The Philippine Space Agency (PhilSA) on Tuesday said satellite images showed new traces of oil slick in Verde Island Passage, an area rich in marine biodiversity.
Roel dela Cruz of PhilSA, said the oil slick was sighted in Verde Island between Mindoro and Batangas on March 27 at 10 a.m.
The newest satellite image showed “relatively long oil slick” in Verde Island, contrary to the report by the Philippine Coast Guard (PCG) that the area “no longer had oil spill traces.”
Another satellite image obtained from a private firm, Planet Labs, still needed to be processed and analyzed.
PhilSA said the satellite images are important tools that can help authorities in the cleanup and containment of the oil spill off Oriental Mindoro caused by the sinking of the MT Princess Empress with 900,000 liters of industrial fuel oil.
The PCG and the Department of Environment and Natural Resources (DENR) are given copies of the satellite images and maps showing the progression and the scope of the areas affected by the oil spill.
The University of the Philippines-Marine Science Institute is one of the recipients of PhilSA’s satellite images to help in developing oil spill trajectory models.
Greenpeace Philippines—on Tuesday alleged that insurers of MT Princess Empress has been discouraging claimants from exercising their legal right to seek justice over compensation money.
Jefferson Chua, Greenpeace campaigner, said there were reports that the insurers have been dissuading potential claimants from filing charges against RDC Reield Marine Services, the company that owns the MT Princess Empress.
“It is utterly unacceptable that an insurer would discourage claimants from exercising their legal right to seek justice while dangling compensation money over their heads. Communities have suffered enough in the past month and the last thing they need is more disenfranchisement from companies who continue to operate with impunity,” he said.
While the insurer has the responsibility of making sure claimants fully know their rights and the consequences of their choices, it has no business airing their suggestions about what claimants should or should not be doing,” he added.
He called on the government to make polluters take responsibility for the oil spill and pay reparations due to the communities.
A month after the sinking of MT Princess Empress off the coast of Oriental Mindoro, the Protect Verde Island Passage (Protect VIP) launched a coalition called SOS—Stop the Oil Spill, Save Our Seas! to pool efforts in calling for immediate accountability and action on the oil spill.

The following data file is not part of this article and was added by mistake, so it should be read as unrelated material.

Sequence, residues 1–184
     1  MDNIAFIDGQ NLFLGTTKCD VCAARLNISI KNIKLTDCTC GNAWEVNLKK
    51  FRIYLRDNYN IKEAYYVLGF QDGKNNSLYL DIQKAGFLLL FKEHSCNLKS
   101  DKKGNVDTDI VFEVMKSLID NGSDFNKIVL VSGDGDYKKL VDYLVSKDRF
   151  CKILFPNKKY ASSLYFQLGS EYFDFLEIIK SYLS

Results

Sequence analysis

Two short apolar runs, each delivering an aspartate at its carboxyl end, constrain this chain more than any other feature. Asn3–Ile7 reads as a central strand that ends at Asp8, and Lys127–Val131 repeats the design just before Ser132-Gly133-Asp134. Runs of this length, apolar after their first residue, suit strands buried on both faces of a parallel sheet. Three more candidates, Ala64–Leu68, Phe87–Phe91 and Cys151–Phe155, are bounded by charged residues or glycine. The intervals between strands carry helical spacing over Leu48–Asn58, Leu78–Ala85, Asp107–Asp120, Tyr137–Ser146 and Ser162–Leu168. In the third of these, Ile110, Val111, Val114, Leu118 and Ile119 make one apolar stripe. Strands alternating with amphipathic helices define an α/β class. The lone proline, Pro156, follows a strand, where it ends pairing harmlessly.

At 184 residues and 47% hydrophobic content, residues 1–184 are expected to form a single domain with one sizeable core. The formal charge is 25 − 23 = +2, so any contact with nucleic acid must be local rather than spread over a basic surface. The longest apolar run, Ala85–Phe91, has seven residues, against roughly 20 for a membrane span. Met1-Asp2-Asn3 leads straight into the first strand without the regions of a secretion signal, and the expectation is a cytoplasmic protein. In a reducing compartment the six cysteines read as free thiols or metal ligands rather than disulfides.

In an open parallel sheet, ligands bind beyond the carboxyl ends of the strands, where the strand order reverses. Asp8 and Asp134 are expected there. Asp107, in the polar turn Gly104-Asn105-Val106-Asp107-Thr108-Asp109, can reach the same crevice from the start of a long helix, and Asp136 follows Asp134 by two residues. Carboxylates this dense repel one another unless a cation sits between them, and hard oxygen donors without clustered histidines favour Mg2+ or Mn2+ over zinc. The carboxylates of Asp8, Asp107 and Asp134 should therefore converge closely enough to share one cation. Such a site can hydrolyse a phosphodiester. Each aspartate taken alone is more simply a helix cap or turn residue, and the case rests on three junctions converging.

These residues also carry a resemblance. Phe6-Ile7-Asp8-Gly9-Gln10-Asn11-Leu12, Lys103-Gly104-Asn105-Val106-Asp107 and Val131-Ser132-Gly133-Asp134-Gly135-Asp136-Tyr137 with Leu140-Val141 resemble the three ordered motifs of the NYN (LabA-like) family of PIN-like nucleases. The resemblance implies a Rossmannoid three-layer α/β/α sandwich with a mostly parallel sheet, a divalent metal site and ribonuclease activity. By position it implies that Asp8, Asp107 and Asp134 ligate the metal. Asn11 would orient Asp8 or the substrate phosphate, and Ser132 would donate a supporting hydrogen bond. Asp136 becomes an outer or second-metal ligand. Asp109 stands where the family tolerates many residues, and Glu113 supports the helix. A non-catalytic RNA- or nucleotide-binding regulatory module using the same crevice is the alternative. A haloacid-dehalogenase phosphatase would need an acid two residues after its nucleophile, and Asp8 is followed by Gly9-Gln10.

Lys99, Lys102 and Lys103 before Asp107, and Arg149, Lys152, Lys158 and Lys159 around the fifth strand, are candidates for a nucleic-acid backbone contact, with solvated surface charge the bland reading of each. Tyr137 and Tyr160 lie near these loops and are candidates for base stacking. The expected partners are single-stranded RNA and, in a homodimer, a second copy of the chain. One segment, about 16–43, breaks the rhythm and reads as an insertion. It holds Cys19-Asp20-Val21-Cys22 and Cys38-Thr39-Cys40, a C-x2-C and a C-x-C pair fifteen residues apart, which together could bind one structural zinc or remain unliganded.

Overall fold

“We, a collective of concerned and affected stakeholders, are very alarmed by the inadequate level of response afforded to this disaster. While government agencies have been taking action, it does not seem to be the prompt and coordinated response needed by this oil spill which is already a disaster of national and international proportions,” Protect VIP convener Fr. Edwin Gariguez said.
“A tragedy of this scale —one that directly affects an estimated 36,000 families whose lives and livelihoods are interwoven into the health of our seas—must be met with the greatest possible action and highest standard for accountability of all involved actors,” he said.
The Philippine Coast Guard, meanwhile, welcomed the arrival of the Korean Coast Guard Emergency Response Team at the PCG headquarters in Manila exactly a month after the MT Princess Empress sank near Naujan, Oriental Mindoro.
PCG Commandant Admiral Artemio Abu briefed the Korean team headed by Lee Jongnam, director of marine pollution response division, with the latest update on the oil spill.
The Korean government also shipped oil spill response equipment, including 20 tons of sorbet pads and snares, 1,000 meters of solid flotation curtain boom and 2,000 sets of personal protective equipment.
The PCG said it is planning to add remotely operated vehicles (ROVs) in their 2024 budget for a stronger oil spill response in the future.
Also on Tuesday, the Department of Tourism (DOT) said it has made provisions for skills upgrading
and technology assistance to all stakeholders based in Puerto Galera that will help them find alternative livelihood opportunities following the oil spill.
“At this point, it’s really about ensuring that our tourism frontline workers will have options for work for a few days or weeks because of the oil spill. That is why we will be providing training to them, not just specifically focused on their present work but more of alternative types of work,” said Tourism Secretary Christina Frasco.
DOT regional offices will organize and implement the training for interested tourism stakeholders on the island.